barnwell-slaves

The Slave Parent and Child

This article is an excerpt from a tract titled THE FAMILY RELATION, AS AFFECTED BY SLAVERY  by Charles King Whipple and appeared in the National Anti-Slavery Standard.

The Slave Parent and Child

We will take it for granted that the principles properly regulating this relation are found in the following precepts of Scripture:

“Train up a child in the way he should go.”

“Children, obey your parents in the Lord.”

Let us first look at this relation as it exists in the slave family.

The proper training up of a child requires, on the part of the parent, intelligence, a moral and religious character, a recognised authority, and a power to seclude the child from external vicious or otherwise injurious influences.

The very mention of these constituent parts of the parental relation shows how impossible it is for the slave father or mother to exercise them.

National Anti-Slavery Standard was the official weekly newspaper of the American Anti-Slavery Society, an abolitionist society founded in 1833 by William Lloyd Garrison and Arthur Tappan to spread their movement across the nation with printed materials. Frederick Douglass was a key leader of this society and often addressed meetings at its New York City headquarters.

The means of knowledge are forbidden by law to both parent and child. In respect to morality and religion, we have seen the testimony of the Synod of South Carolina and Georgia (and pages more such might be quoted, had we space), that the slaves “may justly be considered heathen,” and the testimony of Rev. Dr. Nelson, that the sermons generally preached to the slaves are, “as to religious purposes, worse than none at all.”

The authority of a slave father or mother over their child is not recognised by the slaveholder in the slightest degree. They all, father, mother and child, are the property of the slaveholder. The assumption, for a moment, of a right on the part of the slave parent to give, or of the child to obey, a direction contrary to the will of him who claims to own them both, would be treated as rebellion and insufferable insolence combined. Shall property say unto the owner who holds, directs and controls it, Why dost thou direct me thus? And as to the power of withdrawing a child from unhealthy employment or vicious influences, or profligate companions, the son of the slaveholder may be the very worst associate for the daughter of the slave; but how is the slave to help either himself or his daughter? Both of them are utterly helpless, clay in the hands of the potter, even when they know that he is determined to mould them both into “vessels unto dishonour.” To slaves, the parental relation, like the matrimonial one, is annihilated .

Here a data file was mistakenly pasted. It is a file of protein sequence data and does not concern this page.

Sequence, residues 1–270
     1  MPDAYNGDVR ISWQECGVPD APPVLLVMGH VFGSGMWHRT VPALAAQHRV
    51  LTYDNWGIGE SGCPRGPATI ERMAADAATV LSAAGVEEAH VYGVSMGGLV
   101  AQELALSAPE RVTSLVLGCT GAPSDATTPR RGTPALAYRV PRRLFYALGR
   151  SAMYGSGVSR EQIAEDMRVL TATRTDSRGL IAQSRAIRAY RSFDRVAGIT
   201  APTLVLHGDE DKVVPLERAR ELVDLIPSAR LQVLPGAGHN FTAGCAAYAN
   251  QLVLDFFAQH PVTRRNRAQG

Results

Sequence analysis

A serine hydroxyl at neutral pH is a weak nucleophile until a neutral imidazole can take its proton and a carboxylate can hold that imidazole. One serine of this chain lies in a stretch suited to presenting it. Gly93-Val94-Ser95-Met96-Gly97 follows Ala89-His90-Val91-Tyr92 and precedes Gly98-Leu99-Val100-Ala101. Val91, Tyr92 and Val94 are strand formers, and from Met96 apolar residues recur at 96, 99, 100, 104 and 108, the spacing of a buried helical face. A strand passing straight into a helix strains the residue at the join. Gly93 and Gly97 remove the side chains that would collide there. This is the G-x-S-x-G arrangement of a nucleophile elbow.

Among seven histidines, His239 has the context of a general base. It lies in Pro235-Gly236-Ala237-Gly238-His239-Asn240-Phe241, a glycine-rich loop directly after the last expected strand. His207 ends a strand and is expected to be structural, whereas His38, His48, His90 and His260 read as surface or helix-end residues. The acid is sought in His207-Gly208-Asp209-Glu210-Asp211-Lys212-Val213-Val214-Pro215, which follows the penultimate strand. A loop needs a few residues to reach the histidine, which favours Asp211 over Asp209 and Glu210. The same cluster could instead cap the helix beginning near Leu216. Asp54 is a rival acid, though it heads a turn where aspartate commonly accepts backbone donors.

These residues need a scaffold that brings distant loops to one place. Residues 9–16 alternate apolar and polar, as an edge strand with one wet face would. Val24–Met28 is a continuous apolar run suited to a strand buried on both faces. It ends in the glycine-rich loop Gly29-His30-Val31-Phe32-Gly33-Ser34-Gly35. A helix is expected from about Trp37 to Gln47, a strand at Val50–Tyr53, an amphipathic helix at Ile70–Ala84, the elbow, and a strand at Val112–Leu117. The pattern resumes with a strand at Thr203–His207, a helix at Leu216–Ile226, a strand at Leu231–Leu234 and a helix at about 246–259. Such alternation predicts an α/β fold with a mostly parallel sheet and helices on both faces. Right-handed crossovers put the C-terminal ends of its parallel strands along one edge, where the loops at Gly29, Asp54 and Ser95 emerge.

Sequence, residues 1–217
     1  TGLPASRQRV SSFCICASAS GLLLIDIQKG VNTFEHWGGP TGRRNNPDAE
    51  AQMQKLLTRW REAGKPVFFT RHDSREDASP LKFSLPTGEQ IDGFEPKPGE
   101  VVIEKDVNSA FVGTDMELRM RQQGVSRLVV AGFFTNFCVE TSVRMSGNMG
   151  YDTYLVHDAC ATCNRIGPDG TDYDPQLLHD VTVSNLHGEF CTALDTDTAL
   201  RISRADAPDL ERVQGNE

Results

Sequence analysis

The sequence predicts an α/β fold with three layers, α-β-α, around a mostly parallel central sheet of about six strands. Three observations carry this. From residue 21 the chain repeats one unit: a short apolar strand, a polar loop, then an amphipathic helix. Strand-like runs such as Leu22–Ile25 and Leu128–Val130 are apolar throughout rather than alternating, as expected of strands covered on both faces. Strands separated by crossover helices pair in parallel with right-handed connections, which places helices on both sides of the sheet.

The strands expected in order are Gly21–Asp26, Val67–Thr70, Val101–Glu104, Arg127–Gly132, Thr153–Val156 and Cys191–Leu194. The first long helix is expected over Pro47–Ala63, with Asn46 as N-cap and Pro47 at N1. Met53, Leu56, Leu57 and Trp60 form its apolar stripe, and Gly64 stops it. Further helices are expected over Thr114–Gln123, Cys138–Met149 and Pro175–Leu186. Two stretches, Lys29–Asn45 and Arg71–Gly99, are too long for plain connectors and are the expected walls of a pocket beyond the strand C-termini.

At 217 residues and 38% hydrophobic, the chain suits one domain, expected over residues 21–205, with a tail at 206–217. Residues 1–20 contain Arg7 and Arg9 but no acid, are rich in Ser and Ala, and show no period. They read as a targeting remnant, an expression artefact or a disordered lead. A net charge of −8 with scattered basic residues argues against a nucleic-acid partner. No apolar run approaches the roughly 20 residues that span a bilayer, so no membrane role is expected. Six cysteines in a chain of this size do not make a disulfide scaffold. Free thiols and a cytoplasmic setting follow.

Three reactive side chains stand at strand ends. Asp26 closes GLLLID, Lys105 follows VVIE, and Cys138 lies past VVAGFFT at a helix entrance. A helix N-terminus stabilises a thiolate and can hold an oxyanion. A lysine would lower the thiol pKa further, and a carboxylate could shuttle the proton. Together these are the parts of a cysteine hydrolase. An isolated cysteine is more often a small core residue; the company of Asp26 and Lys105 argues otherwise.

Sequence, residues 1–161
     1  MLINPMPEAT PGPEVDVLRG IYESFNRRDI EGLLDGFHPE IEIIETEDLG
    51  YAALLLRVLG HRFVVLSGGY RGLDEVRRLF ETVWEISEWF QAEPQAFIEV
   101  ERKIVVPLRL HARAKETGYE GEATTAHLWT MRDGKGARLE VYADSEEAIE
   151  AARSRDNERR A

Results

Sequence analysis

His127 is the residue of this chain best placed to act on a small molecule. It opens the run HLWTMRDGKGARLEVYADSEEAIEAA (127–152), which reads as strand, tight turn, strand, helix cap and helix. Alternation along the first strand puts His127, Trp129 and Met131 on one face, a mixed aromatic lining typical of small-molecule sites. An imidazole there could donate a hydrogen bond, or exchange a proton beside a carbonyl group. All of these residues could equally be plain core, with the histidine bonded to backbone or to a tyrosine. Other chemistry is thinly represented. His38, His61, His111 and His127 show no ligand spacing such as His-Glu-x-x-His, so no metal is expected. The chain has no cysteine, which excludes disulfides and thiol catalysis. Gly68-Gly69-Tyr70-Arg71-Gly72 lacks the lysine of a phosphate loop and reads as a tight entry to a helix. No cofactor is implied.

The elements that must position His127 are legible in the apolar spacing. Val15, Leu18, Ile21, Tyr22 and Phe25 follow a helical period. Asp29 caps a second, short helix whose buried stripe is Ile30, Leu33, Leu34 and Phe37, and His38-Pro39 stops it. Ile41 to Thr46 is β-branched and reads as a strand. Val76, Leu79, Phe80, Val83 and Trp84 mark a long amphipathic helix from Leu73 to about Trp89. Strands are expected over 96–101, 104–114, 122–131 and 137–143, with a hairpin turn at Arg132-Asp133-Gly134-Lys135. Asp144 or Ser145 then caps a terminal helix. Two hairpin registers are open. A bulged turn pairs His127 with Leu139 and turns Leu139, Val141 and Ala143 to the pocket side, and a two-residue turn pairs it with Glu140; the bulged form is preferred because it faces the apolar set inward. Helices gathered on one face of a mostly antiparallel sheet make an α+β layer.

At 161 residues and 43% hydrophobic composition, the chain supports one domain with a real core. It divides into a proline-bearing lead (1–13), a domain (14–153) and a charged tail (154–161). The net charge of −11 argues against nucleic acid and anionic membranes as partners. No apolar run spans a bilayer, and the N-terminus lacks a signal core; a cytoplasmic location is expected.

How does slavery affect the parental relation in the case of the slaveholder?

The slaveholder has, undoubtedly, a recognised authority to control his children. Let us suppose that he has also intelligence, such average development of the moral and religious character as is customary in a slaveholding community, and a disposition to withdraw his children from vicious influences. The question is, Can he do this? Can he keep them pure and virtuous without sending them permanently away from home? Testimony must answer this question. We want the evidence of intelligent and reliable persons. But this exists in such abundance that our only difficulty is to find space in this tract for a tenth part of it.

Said Jefferson, as long ago as 1782, speaking of the natural and inevitable tendency of slavery,

“The whole commerce between master and slave is a perpetual exercise of the most boisterous passions, the most unremitting despotism on one part, and degrading submission on the other. Our children see this, and learn to imitate it. The parent storms, the child looks on, catches the lineaments of wrath, puts on the same airs in the circle of smaller slaves, gives loose to the worst of passions, and thus nursed, educated and exercised in tyranny, cannot but be stamped by it with odious peculiarities.”

The following scene was witnessed and described by Mr. Olmstead in Sea-board Slave States, p. 402:

“A party of fashionably-dressed people took the train to Charleston; two families, apparently returning from a visit to their plantations. They came to the station in handsome coaches. Some minutes before the rest, there entered the car, in which I was alone, and reclining on a bench in the corner, an old nurse, with a baby, and two young negro women, having care of half a dozen children, mostly girls, from three to fifteen years of age. As they closed the door, the negro girls seemed to resume a conversation, or quarrel. Their language was loud and obscene, such as I never heard before from any but the most depraved and beastly women of the streets. Upon observing me they dropped their voices, but not with any appearance of shame, and continued their altercation until their mistresses entered. The white children, in the meantime, had listened without any appearance of wonder or annoyance. The moment the ladies opened the door they became silent.”

Source: National Anti-Slavery Standard, February 6, 1858
Top Photo: Slave families owned by Mrs. Barnwell – Photograph shows a group portrait of African American adults and children posed under a large tree.

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